The proportion of US students who took out loans to pay educational expenses has risen by nearly 50 per cent in the past ten years as the cost of attending universities has outpaced the availability of grants and scholarships, according to a government report.
Its publication coincided with plans to cut federal spending on student grants to offset defence and other costs and to curb the soaring budget deficit.
The report, by the National Center for Education Statistics, concludes that the proportion of full-time students resorting to loans to pay for university expenses rose by half, from 30 per cent in 1990 to 45 per cent in 2000. The average amount they borrowed rose by nearly 60 per cent from $3,900 (£2,100) to $6,100 a year.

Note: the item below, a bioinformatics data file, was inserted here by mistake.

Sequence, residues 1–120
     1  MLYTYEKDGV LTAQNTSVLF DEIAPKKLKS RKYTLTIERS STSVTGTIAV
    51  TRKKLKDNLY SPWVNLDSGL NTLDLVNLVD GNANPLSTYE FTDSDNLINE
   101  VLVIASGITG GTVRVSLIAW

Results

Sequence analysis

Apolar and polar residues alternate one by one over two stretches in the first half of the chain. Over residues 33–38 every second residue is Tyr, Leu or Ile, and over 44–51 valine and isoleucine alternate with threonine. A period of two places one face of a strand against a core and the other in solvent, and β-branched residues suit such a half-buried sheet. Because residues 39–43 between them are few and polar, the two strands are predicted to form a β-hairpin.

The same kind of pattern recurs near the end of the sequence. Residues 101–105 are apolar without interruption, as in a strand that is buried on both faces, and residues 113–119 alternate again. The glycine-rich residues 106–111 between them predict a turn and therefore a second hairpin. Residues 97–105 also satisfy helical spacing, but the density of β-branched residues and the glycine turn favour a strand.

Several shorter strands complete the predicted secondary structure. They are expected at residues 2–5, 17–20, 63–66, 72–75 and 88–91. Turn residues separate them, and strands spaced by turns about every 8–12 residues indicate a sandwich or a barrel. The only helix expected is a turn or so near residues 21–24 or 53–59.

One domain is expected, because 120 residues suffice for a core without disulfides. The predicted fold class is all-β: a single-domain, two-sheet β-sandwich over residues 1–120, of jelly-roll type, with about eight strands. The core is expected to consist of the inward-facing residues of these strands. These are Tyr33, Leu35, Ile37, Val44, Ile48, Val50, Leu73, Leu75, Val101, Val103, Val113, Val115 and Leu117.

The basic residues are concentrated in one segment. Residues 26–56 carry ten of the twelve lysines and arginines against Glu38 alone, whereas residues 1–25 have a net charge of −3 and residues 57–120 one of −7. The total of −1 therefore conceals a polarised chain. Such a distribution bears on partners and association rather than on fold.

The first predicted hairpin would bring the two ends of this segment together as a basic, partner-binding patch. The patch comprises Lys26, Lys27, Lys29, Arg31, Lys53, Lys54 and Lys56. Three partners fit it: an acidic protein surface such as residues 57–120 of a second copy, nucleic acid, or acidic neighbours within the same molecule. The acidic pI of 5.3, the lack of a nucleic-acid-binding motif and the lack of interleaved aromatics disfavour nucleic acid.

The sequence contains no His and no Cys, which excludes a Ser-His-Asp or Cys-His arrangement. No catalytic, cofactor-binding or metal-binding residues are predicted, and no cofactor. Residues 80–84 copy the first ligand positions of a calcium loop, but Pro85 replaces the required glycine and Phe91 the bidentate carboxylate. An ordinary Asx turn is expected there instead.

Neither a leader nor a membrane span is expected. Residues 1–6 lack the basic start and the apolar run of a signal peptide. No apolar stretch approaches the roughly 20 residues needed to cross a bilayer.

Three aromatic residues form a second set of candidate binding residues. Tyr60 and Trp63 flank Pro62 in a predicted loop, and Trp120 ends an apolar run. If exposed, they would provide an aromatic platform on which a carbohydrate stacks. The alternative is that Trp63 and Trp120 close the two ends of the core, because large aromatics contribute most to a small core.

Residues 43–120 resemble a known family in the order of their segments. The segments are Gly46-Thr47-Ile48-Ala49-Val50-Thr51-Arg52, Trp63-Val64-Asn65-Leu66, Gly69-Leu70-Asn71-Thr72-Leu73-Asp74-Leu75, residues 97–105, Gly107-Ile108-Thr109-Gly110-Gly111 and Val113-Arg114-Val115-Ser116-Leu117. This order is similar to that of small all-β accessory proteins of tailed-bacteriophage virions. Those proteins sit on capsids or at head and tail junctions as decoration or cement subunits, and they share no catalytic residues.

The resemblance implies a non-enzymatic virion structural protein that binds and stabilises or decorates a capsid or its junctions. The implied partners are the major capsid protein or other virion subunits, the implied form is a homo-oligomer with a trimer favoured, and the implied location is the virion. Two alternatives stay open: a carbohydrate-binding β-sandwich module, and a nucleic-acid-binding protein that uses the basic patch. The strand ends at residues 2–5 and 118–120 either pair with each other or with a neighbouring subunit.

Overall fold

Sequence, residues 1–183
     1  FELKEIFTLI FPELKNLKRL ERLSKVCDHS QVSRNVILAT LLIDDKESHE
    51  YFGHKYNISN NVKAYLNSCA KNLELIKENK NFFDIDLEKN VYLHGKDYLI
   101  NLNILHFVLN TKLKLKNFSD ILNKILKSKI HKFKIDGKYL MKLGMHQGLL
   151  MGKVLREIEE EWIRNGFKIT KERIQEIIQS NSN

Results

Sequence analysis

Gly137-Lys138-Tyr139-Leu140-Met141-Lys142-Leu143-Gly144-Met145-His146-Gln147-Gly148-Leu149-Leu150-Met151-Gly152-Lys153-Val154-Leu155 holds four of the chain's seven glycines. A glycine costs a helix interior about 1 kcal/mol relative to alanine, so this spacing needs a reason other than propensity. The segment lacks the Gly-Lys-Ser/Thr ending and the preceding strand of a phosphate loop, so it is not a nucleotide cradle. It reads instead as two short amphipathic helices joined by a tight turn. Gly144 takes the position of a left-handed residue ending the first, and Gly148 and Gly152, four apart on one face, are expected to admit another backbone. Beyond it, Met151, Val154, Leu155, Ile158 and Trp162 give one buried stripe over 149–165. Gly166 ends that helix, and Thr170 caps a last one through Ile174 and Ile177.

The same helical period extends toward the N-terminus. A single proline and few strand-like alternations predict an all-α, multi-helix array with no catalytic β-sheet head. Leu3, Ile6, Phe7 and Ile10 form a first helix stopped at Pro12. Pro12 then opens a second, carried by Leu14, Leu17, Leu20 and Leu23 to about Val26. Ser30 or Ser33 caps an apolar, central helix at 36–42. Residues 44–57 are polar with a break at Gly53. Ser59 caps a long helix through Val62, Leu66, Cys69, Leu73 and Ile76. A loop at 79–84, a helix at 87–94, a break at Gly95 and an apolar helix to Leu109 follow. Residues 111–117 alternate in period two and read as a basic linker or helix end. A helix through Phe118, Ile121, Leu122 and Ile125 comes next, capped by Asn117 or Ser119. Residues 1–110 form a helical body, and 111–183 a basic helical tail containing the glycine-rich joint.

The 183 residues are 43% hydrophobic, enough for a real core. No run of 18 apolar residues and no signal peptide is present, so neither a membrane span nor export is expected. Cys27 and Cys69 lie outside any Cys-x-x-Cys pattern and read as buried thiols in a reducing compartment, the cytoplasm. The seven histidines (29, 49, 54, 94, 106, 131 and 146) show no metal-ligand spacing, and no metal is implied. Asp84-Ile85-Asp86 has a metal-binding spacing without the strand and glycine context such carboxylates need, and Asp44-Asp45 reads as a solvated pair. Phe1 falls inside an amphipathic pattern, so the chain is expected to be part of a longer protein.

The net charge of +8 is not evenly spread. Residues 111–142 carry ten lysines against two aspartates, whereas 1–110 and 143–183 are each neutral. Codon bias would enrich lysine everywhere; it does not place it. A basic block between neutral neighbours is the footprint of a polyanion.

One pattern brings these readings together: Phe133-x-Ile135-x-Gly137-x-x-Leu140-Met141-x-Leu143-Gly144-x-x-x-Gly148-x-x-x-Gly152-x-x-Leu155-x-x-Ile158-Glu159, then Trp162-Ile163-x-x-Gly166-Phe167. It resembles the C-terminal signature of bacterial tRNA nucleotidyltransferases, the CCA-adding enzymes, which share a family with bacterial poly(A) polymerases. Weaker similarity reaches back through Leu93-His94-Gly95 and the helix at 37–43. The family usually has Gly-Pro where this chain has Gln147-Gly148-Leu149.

The figures include all full-time undergraduates still dependent on their parents - about half of the total US student population.
The increase in borrowing "has been one of the most dramatic changes in financial aid in the decade", the report says. The study did not include "prospective students who may have been discouraged by the price of going to college, found the available financial aid inadequate for their needs or were unable or unwilling to borrow the amount needed to enrol".
Meanwhile, The Washington Post reports that the government plans to reduce federal spending on student aid by $325 million in 2006 - a 2 per cent cut - bringing it below 2005 levels.